Discovering Huntsville Murals: Honouring Group of Seven
I’ve been a fan of the Group of Seven’s art for as long as I can remember. And when I found out about the Huntsville murals that honour them, I knew I had to visit! Huntsville is located in the heart of Ontario, Canada’s Muskoka region. Muskoka is a wild region a couple of hours north of Toronto. Known as cottage country, its home to endless lakes, charming small towns, and a wealth of natural beauty.
Who Are the Group of Seven?
The Group of Seven were a gathering of artists who all met while working in Toronto. They ended up going on various trips together, around Ontario, to paint. But it was Tom Thomson who inspired them to push further into Ontario’s wilds and push their art. And it all began in 1912 after Tom returned from a painting excursion to Algonquin Park. They were all stimulated by his work and the grand Ontario landscapes. They joined him the following summer.
During WWI the group dispersed across the globe. Tom Thomson was ineligible to go to war and so, spent most of his time in Algonquin Park. Tom was not only a remarkable artist but also a great outdoorsman. But sadly, in the summer of 1917, he drowned unexpectedly in the Park.
But they weren’t known as the Group of Seven until after the war when they reunited in Toronto. It was at this time they formed the Group of Seven. They spread out across Canada to paint the country’s vast and striking wilderness.
Strangely though, because of his death, Tom Thomson was never really one of the Group of Seven. Though his name is always linked to them, thanks to his initial trips that inspired them. Though called the Group of Seven, the group was made up of 10 men. A.J. Casson, A.Y. Jackson, Arthur Lismer, Frank Johnston, Lawren Harris, Frederick Varley, along with Franklin Carmicheal, J.E.H. MacDonald, L.L. Fitzgerald, and Edwin Holgate. They were later renamed the Canadian Group of Painters.
Group of Seven Outdoor Gallery
The Group of Seven Outdoor Gallery was created in 1997 by artist, Gerry Lantaigne. Gerry was inspired to create the outdoor gallery after a local business owner in Huntsville asked him to paint one of Tom Thomson’s pieces on the side of his store.
The Group of Seven Outdoor Gallery is a trail featuring nearly 100 murals that replicate the group’s art and is spread across Muskoka. Along with the over 30 Huntsville murals, you can find more in Algonquin Park, Baysville, and a few other places. Most of these pieces are huge, stretching across building fronts, and down alleyways. And going on the hunt for them is a great way to explore the charming small towns that they are found in.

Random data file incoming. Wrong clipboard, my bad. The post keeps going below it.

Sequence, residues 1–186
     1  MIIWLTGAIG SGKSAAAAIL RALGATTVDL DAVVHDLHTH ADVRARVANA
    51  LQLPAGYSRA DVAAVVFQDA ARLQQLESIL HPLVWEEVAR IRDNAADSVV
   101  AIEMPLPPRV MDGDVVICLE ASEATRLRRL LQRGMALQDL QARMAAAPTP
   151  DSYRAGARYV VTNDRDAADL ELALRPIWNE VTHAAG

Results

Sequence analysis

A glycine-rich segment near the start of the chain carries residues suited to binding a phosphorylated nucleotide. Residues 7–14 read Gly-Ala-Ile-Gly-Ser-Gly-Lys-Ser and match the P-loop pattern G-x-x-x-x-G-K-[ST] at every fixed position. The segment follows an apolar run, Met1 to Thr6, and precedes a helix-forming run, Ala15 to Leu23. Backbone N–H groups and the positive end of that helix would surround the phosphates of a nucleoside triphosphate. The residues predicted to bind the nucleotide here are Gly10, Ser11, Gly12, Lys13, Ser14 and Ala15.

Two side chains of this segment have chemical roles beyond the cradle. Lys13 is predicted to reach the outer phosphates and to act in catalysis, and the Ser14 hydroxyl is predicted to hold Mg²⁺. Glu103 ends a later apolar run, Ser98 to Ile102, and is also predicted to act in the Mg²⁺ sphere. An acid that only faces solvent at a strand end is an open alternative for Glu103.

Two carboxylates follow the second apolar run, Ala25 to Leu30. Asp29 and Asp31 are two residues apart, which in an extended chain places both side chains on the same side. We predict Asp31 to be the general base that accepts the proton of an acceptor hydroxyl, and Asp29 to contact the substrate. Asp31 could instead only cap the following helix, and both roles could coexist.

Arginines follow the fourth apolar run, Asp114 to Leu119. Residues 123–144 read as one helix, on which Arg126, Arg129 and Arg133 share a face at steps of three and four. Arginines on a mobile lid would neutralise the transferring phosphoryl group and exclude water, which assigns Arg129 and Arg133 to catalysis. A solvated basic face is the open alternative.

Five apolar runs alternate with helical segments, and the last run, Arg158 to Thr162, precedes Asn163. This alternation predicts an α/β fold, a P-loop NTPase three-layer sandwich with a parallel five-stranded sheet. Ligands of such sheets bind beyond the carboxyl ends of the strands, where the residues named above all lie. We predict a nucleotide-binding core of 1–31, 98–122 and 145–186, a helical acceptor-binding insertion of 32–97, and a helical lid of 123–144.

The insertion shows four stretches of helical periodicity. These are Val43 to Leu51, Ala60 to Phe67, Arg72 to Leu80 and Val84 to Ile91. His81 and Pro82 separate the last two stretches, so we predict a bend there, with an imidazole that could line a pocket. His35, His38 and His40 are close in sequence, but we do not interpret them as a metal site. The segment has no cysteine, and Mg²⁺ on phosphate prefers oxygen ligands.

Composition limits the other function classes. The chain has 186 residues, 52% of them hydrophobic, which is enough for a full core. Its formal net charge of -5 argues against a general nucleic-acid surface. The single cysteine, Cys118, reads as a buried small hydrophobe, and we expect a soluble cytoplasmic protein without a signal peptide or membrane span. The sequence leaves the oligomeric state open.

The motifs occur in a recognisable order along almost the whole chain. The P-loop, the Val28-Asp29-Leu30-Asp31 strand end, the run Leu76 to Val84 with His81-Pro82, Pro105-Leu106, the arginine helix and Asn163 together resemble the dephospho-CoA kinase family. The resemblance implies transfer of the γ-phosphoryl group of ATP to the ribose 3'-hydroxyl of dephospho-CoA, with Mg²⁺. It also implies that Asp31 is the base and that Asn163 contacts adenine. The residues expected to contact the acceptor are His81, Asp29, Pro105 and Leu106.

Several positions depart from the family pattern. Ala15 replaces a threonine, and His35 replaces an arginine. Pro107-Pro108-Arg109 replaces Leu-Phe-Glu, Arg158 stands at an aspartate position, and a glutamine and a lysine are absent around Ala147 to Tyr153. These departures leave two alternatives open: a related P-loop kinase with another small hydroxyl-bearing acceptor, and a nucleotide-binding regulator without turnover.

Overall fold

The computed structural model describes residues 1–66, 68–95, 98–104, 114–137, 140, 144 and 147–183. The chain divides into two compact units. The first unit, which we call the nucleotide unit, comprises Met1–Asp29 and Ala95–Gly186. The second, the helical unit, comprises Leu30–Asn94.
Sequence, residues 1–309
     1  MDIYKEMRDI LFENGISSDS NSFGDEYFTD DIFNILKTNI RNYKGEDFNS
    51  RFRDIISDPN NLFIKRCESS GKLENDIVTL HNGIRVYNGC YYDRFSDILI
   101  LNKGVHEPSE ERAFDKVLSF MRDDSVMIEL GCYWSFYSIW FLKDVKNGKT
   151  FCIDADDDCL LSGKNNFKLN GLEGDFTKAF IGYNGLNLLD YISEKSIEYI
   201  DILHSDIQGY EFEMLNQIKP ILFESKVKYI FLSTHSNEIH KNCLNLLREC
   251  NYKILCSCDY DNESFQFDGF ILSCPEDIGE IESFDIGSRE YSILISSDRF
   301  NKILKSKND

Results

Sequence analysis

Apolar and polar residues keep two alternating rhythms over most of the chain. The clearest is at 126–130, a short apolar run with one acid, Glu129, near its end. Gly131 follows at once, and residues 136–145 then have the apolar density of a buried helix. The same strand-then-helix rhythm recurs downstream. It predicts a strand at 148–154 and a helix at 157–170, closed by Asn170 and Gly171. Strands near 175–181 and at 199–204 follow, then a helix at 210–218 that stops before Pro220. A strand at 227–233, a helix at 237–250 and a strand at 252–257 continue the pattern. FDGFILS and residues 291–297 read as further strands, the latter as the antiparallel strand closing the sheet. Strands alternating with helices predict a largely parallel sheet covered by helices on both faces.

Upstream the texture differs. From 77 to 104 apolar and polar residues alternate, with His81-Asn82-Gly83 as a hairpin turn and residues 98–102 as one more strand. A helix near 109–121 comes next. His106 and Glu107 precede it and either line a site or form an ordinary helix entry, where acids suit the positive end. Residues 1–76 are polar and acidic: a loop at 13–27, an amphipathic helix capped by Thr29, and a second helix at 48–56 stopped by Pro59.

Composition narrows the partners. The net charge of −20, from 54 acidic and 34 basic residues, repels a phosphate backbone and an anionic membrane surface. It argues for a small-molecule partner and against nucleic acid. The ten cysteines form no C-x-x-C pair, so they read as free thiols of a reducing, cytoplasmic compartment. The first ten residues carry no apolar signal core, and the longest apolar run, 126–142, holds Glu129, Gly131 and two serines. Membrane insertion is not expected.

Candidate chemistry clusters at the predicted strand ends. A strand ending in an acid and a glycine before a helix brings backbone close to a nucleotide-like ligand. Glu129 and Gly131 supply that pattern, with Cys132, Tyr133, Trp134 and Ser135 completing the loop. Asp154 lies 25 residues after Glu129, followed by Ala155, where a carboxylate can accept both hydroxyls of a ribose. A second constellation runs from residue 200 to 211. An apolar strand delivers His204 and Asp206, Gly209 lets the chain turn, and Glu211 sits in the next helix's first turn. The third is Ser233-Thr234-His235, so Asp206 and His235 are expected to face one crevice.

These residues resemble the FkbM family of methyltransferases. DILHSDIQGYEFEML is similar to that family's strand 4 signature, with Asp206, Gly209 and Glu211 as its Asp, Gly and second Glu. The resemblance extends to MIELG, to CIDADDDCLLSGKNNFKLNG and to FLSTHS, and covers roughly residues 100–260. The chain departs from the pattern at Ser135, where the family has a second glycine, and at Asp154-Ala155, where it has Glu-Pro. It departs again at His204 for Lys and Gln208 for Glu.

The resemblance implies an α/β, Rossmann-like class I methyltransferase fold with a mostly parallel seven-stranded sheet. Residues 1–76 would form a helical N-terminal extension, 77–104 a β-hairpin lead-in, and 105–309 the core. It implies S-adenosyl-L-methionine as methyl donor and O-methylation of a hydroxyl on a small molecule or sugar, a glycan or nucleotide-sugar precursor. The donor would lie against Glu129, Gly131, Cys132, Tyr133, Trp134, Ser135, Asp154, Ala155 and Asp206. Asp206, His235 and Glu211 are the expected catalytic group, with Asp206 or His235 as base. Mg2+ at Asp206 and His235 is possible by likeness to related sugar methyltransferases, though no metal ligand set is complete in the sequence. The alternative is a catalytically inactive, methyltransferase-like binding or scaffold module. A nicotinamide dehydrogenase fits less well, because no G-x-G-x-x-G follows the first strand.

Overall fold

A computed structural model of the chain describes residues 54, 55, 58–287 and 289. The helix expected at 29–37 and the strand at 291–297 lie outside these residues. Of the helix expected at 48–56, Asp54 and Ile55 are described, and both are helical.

On the Hunt for the Huntsville Murals
I hadn’t been to Huntsville in years. But with my love for all things street art, Group of Seven, and exploring charming Ontario small towns I was thrilled to return. On a crisp fall day, and the wind pushing me along, I started my hunt for the Huntsville Murals at the Seven Main Café. Here I warmed up with a plate full of fluffy waffles with juicy strawberries and a steaming cup of toffee apple tea latte.
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I strolled along Huntsville’s Main Street, full of quaint shops as well as restaurants and cafes with fun names. Everywhere I looked I could spot murals. Many are found along the Main Street, while others are down alleyways and behind the downtown shops. The majority of the Huntsville murals are within walking distance of each other. You can also find murals in the lobby of the Canada Summit Centre, on the exterior walls of the Huntsville High School, and at the Muskoka Heritage Place.
Most of the murals are huge. And they’re not only grand in size but in their ability to capture the great Canadian wilderness. Each artist has their own style, preference to colours, and will have you asking yourself, where was this taken? Motivating you to see these sweeping landscapes that inspired the Huntsville murals with your own eyes.
Huntsville has a strong fondness for Tom Thomson. He inspired his fellow Group of Seven artists to explore the region around Huntsville and continues to pull people through his art. In downtown Huntsville, out front of the theatre, you’ll even find a statue of Tom Thomson in all his glory. Sitting atop a stump with paintbrush in hand and to his side, his trusty canoe.
You can easily spend the day exploring Huntsville’s downtown shops and cafes and hunting for all the Group of Seven inspired murals.
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